second loop on Sat, 16 Aug 2008 09:37:08 +0200 (CEST)

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<nettime> _A Warcry for Birthing Synthetic Worlds_ [Part 3]

With links and photos here:


The web was built on openness and designed from the ground up to
enable sharing of code - view the source from early web pages for
examples. Yet it seems that already Second Life content creators want
strict restrictions on copying, even going so far as to support the
DMCA. So, while the DMCA is decried in so many cases (such as the
RIAA suing elderly women and children who don't even own computers),
Second Life content creators want to call upon it for protection.
There are currently multitudes of useful business models built
around open source and free sharing. Why do users of Second Life,
who have the ability to create a new world and rethink the negatives
associated with our geophysical one, want to rely on an obsolete
notion of copy restriction? This acts to simulate the production of
physically-templated objects instead of assisting in the understanding
of new models which are based on (and flourish from) copying, sharing
and building commons.

Ultimately, this is my argument: much like the alter-globalization
movement wants to create a new world, an "other globalization" not
based on corporate profit at the expense of the millions who are
exploited, synthetic worlds present us with an opportunity to imagine
and craft the kind of worlds in which we want to exist. While many
argue that Second Life duplicates the problems of sexism, racism and
homophobia that we see in the geophysical world, I would argue that
we can't ignore the way that corporations are shaping our synthetic

Linden Labs are currently the ones responsible for offering new
avatars birthed into a synthetic world that is bursting with
potentialites. At present, these avatars have the choice of
manifesting as Male or Female, City Chic or Clubber. Why aren't Second
Life standard avatars such as these included instead: Steamclock
builder, Vampire Neko, Futanari and Transformer? Clearly, Linden Labs
choose to please their conservative corporate customers by ensuring
sexual standards conform along a traditional axis. If most of Second
Life looks like a mall, perhaps that's because the current system
structure is constructed to maintain profitability from every Linden
exchange in-world. Another crucial element of interoperability,
it would seem, is an open money system. Where are the developers
imagining new currency systems who were so active a few years
ago? Where are all the offshore havens? It is the responsibility
of the creators of, and those passionate about, synthetic worlds
to act ethically in the construction of said worlds. Each user is
responsible for the emergent system. In light of this, let's start
setting up those realXtend and OpenSim servers, working on the code
for interoperable worlds, begin populating them and seeing what new
creations and relations arise.

Mitch Kapor's keynote speech presents current users of virtual worlds
as marginal people in a "frontier world" that should expect the strong
hand of the law to intervene, where the 3D sheriff strides into town
on his new mount. Kapor said: "in the earliest wave of pioneers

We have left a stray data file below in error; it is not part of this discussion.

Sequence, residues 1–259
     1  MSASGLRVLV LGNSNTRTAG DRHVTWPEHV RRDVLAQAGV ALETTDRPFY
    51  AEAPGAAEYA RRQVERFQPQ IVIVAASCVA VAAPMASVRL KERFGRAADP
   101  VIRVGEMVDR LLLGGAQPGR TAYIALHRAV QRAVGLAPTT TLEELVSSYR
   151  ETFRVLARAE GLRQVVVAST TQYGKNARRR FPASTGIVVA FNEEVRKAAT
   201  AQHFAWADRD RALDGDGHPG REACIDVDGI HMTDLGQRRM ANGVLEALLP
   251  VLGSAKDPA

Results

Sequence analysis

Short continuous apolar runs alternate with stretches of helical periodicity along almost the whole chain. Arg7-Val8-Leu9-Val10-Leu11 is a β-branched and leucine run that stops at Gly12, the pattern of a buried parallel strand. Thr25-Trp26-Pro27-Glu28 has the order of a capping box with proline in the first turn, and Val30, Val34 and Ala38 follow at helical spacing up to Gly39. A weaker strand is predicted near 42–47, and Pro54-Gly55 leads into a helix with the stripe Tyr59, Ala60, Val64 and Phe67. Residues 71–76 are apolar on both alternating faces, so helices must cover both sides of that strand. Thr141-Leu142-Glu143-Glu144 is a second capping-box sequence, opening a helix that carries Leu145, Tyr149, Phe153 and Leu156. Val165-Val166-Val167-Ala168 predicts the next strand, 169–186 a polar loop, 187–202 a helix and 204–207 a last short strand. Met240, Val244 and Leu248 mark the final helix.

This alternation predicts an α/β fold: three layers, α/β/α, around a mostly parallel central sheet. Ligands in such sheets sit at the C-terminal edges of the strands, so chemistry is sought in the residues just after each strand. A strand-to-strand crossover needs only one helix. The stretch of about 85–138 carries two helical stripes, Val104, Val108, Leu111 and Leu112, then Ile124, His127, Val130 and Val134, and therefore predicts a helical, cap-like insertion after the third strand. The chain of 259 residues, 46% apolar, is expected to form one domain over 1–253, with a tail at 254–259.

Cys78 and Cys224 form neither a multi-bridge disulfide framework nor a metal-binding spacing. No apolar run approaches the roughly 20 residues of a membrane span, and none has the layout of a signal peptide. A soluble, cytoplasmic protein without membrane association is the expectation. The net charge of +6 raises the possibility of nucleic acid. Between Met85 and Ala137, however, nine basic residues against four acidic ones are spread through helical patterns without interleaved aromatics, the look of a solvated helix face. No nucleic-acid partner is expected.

in any new disruptive platform, the marginal and the dispossessed
are over represented, not the sole constituents by any means but
people who feel they don't fit, who have nothing left to lose or
who were impelled by some kind of dream, who may be outsiders to
whatever mainstream they are coming from, all come and arrive early in
disproportionate numbers…that sort of arduous frontier conditions
really give these environments their charm and their character…that
is going to make things challenging for people who feel that as the
frontier is being settled and there is less novelty and in some senses
less freedom, it is always an uneasy transition for the pioneers."
Kapor goes on to say: "It was the way the west in the U.S. was
settled. It is the way Second Life has been settled" and that he
endeavours to make virtual worlds operate "in a more decentralized
kind of way, one that Thomas Jefferson, if he were around, would be
proud of…". I, for one, want to abandon the whole wild west metaphor
in relation to synthetic worlds. I would also hope that the settling
of Second Life doesn't involve the killing of millions of indigenous
people and would not make slave owners proud. I prefer instead to
think of synthetic worlds as birthed arenas based on the gestation
of code. These arenas will then develop through nourishment provided
by hardware and user creativity. The kind of decentralization that
synthetic environments need to ensure freedom and growth would scare
the hell out of Thomas Jefferson.

If the example of the web shows us anything, it is that users and
developers can ensure some degree of freedom for the next few decades.
While net neutrality threatens the future of that openness - as phone
companies demand laws that guarantee the prevention of copyrighted
films from being downloaded - new technologies like wireless mesh
networks offer the possibility for hope. One of the most important and
wonderful properties of the net is that problems are identified and
routed around. It seems that synthetic worlds are at a point where
some routing is necessary.

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